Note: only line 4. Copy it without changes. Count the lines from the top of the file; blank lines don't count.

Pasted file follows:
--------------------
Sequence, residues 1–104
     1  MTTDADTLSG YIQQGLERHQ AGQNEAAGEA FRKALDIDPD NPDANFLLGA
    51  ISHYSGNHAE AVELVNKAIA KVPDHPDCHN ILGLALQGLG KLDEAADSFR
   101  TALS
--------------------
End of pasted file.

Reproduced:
   101  TALS